Government urged to stop marginalising those concerned about faith schools

November 16, 2010

The Minster of State for Schools, Nick Gibb, has revealed that Minsters in the Department for Education have had numerous meetings with groups that favour faith schools operating in narrow and discriminatory ways since they took office in May, but has marginalised others.

Responding yesterday to a parliamentary question from Dr Julian Huppert MP, Mr Gibb revealed that Ministers had held meetings at his Department with representatives from the Church of England three times, representatives from the Catholic Church and Catholic Education Service for England and Wales three times, and met with the Board of Deputies of British Jews twice.

In contrast however the Accord Coalition, which represents a wide range of both religious and non-religious groups concerned about the way faith schools currently operate, has made five formal requests to meet with Education Ministers during this period, but has so far not been able to arrange any meetings.

Chair of the Accord Coalition, Rabbi Dr Jonathan Romain, said: ‘There are a wide range of views on faith schools and how they should operate. It is very worrying that during a period when the Government is undertaking such a wide programme of education reform that they have met so many times with groups that want faith schools to continue to operate in narrow and discriminatory ways, but have not taken into account the views of others, such as those represented by the Accord Coalition.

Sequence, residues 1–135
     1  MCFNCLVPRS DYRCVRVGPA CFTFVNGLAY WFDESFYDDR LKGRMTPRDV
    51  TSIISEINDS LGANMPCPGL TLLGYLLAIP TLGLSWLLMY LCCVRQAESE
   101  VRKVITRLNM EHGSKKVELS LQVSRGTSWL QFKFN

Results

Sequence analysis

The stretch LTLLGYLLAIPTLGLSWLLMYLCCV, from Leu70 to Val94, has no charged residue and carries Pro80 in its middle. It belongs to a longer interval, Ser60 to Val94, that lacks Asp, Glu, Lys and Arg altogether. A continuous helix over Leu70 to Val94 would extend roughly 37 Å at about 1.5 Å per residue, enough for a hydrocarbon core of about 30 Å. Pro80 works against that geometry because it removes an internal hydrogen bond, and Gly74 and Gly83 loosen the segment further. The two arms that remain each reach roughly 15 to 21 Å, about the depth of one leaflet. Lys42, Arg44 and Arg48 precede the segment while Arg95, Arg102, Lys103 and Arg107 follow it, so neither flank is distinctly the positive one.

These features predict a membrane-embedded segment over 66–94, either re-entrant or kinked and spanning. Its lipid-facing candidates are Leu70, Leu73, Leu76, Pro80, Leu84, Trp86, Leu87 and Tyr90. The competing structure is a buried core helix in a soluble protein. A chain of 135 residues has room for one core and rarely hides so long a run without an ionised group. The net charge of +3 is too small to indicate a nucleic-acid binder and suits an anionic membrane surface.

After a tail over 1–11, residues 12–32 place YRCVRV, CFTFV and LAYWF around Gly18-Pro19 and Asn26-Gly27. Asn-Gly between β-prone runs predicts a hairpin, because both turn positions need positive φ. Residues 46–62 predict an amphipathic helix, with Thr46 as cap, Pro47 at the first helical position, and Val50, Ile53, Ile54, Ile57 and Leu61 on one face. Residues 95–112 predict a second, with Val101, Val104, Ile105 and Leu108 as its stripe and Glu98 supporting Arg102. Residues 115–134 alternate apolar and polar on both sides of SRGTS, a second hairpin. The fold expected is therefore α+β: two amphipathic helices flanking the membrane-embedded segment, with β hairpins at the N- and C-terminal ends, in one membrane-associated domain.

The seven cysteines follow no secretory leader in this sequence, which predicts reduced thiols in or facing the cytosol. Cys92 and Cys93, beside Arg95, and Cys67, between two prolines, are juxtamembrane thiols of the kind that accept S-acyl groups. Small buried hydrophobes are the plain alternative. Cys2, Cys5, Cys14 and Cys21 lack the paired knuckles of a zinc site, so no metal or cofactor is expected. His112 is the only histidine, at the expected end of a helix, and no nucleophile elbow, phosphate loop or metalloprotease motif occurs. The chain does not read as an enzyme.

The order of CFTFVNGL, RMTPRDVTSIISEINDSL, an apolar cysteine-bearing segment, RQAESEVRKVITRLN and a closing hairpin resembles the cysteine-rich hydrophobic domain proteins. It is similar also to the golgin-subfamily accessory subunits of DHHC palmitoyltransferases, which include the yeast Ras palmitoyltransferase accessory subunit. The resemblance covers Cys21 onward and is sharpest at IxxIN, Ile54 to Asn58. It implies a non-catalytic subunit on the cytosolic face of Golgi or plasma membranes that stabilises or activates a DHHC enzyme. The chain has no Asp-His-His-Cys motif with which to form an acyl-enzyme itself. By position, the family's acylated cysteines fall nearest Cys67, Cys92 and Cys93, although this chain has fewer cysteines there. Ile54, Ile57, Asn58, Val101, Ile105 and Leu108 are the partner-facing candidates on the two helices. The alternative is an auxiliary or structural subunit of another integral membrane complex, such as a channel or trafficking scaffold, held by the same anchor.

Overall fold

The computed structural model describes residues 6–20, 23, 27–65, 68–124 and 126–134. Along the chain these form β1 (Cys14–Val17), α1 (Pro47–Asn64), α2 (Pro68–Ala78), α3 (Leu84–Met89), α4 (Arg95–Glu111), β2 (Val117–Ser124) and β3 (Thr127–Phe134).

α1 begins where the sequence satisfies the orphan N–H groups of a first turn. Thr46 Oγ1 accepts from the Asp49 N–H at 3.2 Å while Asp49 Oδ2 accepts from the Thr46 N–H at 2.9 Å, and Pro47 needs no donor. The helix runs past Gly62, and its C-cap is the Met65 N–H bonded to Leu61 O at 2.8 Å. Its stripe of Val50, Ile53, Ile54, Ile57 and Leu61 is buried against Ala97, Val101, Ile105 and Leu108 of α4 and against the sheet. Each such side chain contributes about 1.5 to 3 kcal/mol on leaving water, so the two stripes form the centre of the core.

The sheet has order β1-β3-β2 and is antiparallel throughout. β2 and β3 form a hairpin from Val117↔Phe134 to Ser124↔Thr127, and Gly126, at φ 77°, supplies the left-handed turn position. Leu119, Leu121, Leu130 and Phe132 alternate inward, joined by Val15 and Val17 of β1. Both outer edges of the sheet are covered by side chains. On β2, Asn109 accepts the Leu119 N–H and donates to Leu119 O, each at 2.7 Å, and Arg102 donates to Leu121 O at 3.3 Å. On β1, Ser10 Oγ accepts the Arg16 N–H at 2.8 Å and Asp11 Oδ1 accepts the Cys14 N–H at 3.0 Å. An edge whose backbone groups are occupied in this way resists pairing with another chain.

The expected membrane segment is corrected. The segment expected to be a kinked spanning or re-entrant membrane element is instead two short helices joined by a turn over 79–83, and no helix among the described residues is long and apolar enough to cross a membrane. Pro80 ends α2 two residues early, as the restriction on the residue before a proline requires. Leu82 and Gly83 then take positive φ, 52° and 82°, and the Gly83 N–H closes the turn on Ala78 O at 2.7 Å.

‘The Academies Act 2010 has had some very negative, but unintended consequences. For example, it unwittingly gives voluntary controlled faith schools that become a new Academy school far more power to discriminate on religious grounds in the employment and recruitment of teachers, while it also gives them the power to ignore their locally agreed RE curriculum, which requires they teach about different religious and non-religious worldviews, and lets them only teach about the school’s faith. This both denies children general knowledge of the many different traditions within Britain today and impedes social cohesion.

‘The Government should learn from this experience that they need to consult with interested parties to help improve decision making. It should also follow that because the Government is currently formulating such ambitious and radical changes, such as to the National Curriculum, that they should consult more widely, rather than less’.


The written answer provided by the Minster of State for Schools, Nick Gibb MP, can be viewed here.

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